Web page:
- GBP buoyant against Dollar
- Nursing wounds against EUR
- Bank of England could cut rates 50 basis points
- Tipped to restart quantitative easing
Image © Bank of England
- Spot rates at time of writing: GBP/EUR: 1.0808, -1.75% | GBP/USD: 1.1852, -2.15%
- Bank transfer rates (indicative): GBP/EUR: 1.0520-1.0596 | GBP/USD: 1.1537-1.1620
- Specialist money transfer rates (indicative): GBP/EUR 1.0650-1.0701 | GBP/USD: 1.1650-1.1745 >> More details
The Bank of England will surprise markets and deliver a sizeable cut to interest rates in March and restart quantitative easing in April, as part of a global effort to shore up economic activity and investor sentiment in the face of a coronavirus-linked economic slowdown.
This is the view of Bill Diviney, Senior Economist for the U.S. and UK at ABN AMRO, who says the Bank of England will cut interest rates by a sizeable 50 basis points, taking the basic lending rate to 0.25%.
The foreign exchange rule book suggests that when a central bank cuts interest rates - particularly when the cut and the scale of the cut are a surprise - the currency it issues declines in value.
Those watching the Pound should also be aware of the timing of any Bank of England action: the next meeting is scheduled for March 26, but there is growing speculation that the Bank could act as soon as Wednesday, in tandem with the announcement of the government's budget.
Such a move would fulfil incoming Governor Andrew Bailey's testimony to the Treasury Select Committee that a coordinated approach by Government and the Bank of England was required to fight the slowdown inspired by the coronavirus outbreak.
"The Chancellor looks set to unveil measures to help firms affected by the coronavirus outbreak in Wednesday's budget, but markets will be more interested in any coordinated Bank of England action," says James Smith, Developed Markets Economist at ING Bank.
However, because the economic impact of coronavirus is expected to be to the supply side (i.e. a shortage of components for manufacturing) and to sentiment (falls in consumer spending) there is an agreement amongst economists that it is in fact the government who is best placed to assist the economy. This can come in the form of special loans to business, increased sick pay, debt holiday's etc.
Therefore, any Bank of England action on Wednesday would more likely be assistance to government programmes, not necessarily a rate cut. "BoE officials will also be acutely aware that a rate cut – lowering debt-service costs - is likely to be a less effective demand boost that it normally would, and is unlikely to mitigate the wider cashflow issues facing affected firms as effectively as some fiscal measures," says Smith.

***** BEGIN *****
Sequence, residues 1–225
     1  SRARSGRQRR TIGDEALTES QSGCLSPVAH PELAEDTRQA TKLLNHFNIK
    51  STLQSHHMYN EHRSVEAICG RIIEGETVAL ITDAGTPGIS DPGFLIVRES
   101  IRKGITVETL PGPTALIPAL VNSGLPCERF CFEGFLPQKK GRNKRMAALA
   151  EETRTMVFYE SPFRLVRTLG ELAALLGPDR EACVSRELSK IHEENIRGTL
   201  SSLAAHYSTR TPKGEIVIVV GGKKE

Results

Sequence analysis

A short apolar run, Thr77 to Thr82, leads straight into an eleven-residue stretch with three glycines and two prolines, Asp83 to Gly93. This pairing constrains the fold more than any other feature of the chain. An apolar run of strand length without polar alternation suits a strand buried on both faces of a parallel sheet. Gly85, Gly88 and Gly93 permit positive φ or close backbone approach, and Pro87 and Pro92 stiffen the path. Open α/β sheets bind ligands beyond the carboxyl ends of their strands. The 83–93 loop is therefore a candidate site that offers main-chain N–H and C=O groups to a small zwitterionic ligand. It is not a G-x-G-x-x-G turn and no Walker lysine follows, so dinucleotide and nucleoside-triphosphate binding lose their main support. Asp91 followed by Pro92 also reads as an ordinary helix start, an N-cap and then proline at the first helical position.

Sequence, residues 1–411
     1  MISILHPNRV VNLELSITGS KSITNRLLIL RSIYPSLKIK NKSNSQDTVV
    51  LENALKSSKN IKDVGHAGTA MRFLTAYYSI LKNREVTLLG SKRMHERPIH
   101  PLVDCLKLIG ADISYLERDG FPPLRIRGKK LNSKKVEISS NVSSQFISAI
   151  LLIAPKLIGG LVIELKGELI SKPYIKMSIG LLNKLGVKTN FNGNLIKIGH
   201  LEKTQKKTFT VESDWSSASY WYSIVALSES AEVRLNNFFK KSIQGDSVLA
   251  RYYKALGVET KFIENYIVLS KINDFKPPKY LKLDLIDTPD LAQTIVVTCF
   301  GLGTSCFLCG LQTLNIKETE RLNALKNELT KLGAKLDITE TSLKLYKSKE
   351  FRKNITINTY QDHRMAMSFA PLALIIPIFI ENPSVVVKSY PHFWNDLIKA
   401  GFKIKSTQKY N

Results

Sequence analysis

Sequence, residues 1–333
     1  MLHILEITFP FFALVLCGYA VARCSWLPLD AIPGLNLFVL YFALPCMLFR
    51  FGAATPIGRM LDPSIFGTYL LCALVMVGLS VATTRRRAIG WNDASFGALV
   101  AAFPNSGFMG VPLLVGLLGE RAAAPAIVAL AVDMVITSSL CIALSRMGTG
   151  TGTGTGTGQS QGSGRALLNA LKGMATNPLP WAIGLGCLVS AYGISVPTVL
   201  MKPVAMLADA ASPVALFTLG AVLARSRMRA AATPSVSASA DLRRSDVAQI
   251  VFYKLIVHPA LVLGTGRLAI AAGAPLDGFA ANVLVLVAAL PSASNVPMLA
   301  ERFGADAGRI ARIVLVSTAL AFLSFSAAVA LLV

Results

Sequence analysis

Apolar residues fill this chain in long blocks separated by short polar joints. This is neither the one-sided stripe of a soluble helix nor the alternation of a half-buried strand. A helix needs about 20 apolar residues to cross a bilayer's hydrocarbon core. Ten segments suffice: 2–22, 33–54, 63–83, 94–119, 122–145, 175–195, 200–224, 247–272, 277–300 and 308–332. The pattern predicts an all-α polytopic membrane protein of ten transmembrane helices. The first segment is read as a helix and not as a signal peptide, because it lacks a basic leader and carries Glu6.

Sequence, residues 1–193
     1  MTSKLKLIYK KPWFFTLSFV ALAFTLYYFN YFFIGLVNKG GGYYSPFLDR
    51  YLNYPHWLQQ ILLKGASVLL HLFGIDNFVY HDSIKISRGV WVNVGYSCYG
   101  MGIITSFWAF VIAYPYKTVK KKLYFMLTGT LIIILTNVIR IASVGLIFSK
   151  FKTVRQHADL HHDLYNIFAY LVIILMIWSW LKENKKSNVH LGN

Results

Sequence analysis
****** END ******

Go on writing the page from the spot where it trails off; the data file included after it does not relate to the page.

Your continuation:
But of course a mid-week rate cut cannot be discounted.
Above: The odds of a 50 basis point rate cut being delivered by end-March, according to CME.
The scale of the Bank's intervention in the market won't just rest with an interest rate cuts says ABN AMRO's Diviney who tips the Bank to restart quantitative easing the following month, the process whereby it prints money to purchase bonds.
"For similar reasons to our Fed call change, we also now expect more aggressive easing from the Bank of England to counter the coronavirus fallout. At the MPC meeting on 26 March, we expect the Committee to cut by 50bp; previously, we expected a 25bp cut. This would take Bank Rate to 0.25%, and given the BoE’s similar scepticism over negative rates, we expect the next move in April to be a restart of quantitative easing," says Diviney.
In contrast to previous rounds of quantitative easing, ABN AMRO expects this to be announced as open-ended at GBP20bn per month rather than a stock announcement.
"This should give the BoE the flexibility to provide accommodation and potentially bring it to an early halt once activity looks to be normalising. Alternatively, if there is a prolonged hit to activity, asset purchases could continue for longer," says Diviney.
Lowering Forecasts for the Pound
ABN AMRO have meanwhile told clients they are cutting their forecasts for the Pound amidst expectations for aggressive monetary easing and the unwinding of 'long' bets on the currency being held by the market.
"Investors will probably further close their net positions in currencies," says Georgette Boele, Senior FX Strategist at ABN AMRO. "We think that they are still net-long Dollar and Sterling and net-short Euro and Yen.
Being 'long' a currency means the net position of bets in the markets are for rises in a currency. When the facts on the ground change and investors are forced to unwind those bets the natural result is a selling of the currency, creating downside pressures.
"Therefore, we expect the weakness in the Dollar and Sterling in the near-term and strength in the yen and the Euro. Emerging market currencies will probably decline as weaker global growth and the risk-off environment is negative for these currencies," says Boele.
The most recent data covering the positioning of the market up until March 03 - which covered the late February market sell-off - showed that the net positioning for Sterling gains stood at 35162.
The Euro meanwhile saw net 'short' positions stand at 86.7K contracts, down from 114K a week prior, suggesting substantial scope for further weakness.
ABN AMRO now forecast the Pound-to-Dollar exchange rate to be at 1.26 at the end of the first quarter of 2020, 1.25 by the end of the second quarter, 1.28 by the end of the third quarter and 1.30 by year-end.
The Pound-to-Euro exchange rate is forecast at 1.15 by the end of the first quarter, 1.1360 at the end of the second quarter and at 1.12 by the end of the third and fourth quarters.